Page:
Damian can’t see Emery’s expression in the near-darkness, but he can almost hear it when the other rolls his eyes. “Yes, Mom,” he murmurs.

Damian feels his lips turn up in a slight smile at that. He’d long gotten used to the kids—the kids in this case being Emery, Tay, and Jem, the three youngest in their group—calling him ‘Mom.’ He supposes that it comes with the territory when you’re the oldest in a group of boys and take on the role of caretaker more often than not. It was Damian who would cook for them whenever they were together, who brought them soup or meds or whatever they needed when they were ill, who always had a first-aid kit ready in case Tay’s father hit him again, or Emery twisted his ankle during one of his forays into old abandoned places for the sake of a photograph; he’s the one that notices whenever Jem starts eating less, too, and he always makes sure to sit with him until he eats just one more bite, that’s all, just one more. The others helped, too, of course, but they weren’t quite as naturally gifted as him in caretaking and Damian knows it.

So, he lets the kids call him Mom.

He helps the other boys, the older ones, too, but they don’t need a mom. They need a friend, and Damian tries his best to be that for them. He can always tell when Donny’s depression is especially bad, knows instinctively when Tobi is on the verge of a panic attack; August is a little more difficult to read, but even he comes to Damian when he’s troubled and needs a reprieve from all the shit he deals with because of his father’s ‘business.’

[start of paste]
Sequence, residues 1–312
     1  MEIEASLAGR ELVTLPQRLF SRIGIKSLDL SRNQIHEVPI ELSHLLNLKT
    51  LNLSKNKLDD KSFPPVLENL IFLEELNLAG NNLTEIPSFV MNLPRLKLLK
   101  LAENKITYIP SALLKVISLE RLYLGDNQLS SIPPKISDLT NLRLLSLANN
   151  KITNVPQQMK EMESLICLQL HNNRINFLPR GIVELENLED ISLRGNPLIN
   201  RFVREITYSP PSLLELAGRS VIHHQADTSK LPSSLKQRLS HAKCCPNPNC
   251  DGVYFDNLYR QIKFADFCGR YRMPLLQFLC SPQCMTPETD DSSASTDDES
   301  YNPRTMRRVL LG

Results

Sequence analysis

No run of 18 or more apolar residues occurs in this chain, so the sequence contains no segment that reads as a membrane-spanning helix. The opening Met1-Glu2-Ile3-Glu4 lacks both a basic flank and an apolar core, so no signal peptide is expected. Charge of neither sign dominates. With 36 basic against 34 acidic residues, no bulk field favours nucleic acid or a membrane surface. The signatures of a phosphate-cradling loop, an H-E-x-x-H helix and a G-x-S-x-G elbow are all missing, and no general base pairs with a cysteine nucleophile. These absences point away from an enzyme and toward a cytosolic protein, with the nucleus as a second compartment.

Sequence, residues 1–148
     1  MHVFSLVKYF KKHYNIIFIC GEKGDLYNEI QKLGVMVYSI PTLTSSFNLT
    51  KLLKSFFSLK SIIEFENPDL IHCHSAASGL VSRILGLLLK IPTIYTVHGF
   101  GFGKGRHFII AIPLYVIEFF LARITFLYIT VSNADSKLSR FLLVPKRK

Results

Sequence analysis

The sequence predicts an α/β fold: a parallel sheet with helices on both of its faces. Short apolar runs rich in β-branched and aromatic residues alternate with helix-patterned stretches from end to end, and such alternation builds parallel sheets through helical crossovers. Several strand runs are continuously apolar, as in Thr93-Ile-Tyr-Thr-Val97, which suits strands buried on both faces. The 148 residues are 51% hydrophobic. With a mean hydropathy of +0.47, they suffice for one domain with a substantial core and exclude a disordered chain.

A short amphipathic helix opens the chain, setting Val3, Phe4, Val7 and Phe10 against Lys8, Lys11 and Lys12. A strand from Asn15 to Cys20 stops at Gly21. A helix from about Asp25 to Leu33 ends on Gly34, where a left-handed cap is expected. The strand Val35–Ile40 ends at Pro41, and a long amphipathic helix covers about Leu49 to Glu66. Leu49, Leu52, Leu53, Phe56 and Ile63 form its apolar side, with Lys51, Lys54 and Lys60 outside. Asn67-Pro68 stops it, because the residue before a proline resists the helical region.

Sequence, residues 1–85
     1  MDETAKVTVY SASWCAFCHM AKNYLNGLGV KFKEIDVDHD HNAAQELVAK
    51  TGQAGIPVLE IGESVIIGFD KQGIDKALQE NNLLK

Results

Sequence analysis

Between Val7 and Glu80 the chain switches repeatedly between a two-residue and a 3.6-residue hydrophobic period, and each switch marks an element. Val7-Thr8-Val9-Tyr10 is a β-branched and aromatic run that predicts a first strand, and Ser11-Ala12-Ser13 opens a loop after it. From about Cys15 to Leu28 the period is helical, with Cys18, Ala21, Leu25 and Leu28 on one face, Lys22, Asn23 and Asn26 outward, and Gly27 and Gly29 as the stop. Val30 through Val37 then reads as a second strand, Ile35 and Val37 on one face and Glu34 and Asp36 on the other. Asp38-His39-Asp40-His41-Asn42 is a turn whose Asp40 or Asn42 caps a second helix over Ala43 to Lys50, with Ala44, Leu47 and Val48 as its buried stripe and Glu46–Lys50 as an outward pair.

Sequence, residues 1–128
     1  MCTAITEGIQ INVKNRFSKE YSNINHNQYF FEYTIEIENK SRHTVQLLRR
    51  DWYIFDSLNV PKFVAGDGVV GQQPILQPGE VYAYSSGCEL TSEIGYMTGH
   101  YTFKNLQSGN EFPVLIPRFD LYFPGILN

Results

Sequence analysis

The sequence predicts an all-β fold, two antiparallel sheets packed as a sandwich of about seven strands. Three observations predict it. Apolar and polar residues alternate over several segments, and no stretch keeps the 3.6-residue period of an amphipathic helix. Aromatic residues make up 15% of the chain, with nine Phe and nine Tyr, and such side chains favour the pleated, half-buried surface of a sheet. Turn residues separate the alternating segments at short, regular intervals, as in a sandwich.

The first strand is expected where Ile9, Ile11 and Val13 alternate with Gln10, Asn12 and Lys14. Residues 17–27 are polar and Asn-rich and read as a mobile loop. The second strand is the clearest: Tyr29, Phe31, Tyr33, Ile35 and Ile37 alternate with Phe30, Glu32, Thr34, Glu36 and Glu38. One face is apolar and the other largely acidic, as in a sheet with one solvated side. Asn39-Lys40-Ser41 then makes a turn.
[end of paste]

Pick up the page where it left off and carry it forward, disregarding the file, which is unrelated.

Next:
Really, taking care of others has become second nature to Damian and he doesn’t think he’d want it any other way, all told.

Despite Emery’s sarcasm, Damian notices that the younger boy does stick close to him, leaning into his touch slightly and never darting too far away—not even to take a picture, though he can tell Emery’s dying to do it when they pass a tree stump growing right through the wall—and Damian is grateful for it. The last thing he needs to hear is Donny teasing him that he had made such a fuss over how important it was to take care of their youngest, and yet somehow, he managed to still get hurt on his watch.